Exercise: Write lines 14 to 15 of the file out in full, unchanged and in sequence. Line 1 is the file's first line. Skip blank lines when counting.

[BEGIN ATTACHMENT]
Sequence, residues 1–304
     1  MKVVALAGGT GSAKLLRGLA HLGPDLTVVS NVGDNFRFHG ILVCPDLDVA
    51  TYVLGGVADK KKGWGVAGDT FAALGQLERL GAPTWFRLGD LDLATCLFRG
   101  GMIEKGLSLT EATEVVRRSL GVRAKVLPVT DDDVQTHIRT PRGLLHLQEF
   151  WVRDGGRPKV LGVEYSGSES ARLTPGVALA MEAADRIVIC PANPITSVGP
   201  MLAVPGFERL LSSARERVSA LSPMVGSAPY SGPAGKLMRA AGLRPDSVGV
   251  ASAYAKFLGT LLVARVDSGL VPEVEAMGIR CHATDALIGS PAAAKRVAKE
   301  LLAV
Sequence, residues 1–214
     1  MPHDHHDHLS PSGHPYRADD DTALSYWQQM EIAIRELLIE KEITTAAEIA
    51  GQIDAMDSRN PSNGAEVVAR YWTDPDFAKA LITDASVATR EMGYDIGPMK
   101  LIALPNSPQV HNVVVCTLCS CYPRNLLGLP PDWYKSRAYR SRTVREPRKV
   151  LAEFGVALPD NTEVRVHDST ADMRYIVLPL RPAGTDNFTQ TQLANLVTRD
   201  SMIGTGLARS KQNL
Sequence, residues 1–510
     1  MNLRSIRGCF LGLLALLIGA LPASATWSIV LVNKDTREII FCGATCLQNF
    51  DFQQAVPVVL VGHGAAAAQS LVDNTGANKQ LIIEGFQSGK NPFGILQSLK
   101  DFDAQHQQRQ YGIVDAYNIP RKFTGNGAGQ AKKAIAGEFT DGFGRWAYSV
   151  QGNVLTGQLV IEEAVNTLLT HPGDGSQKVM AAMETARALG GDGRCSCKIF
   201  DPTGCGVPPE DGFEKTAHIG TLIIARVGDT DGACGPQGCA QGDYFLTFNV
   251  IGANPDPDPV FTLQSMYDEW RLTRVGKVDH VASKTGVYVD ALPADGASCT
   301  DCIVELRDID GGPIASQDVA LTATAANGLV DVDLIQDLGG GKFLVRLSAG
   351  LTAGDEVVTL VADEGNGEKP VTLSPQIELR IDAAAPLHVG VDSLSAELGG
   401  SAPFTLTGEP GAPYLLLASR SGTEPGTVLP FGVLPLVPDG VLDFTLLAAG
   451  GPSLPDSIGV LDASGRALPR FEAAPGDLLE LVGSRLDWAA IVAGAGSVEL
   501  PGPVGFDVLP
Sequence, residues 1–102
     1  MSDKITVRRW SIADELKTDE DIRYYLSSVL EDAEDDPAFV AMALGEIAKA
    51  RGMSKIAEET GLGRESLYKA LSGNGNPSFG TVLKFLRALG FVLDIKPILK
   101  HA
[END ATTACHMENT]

   201  SMIGTGLARS KQNL
Sequence, residues 1–510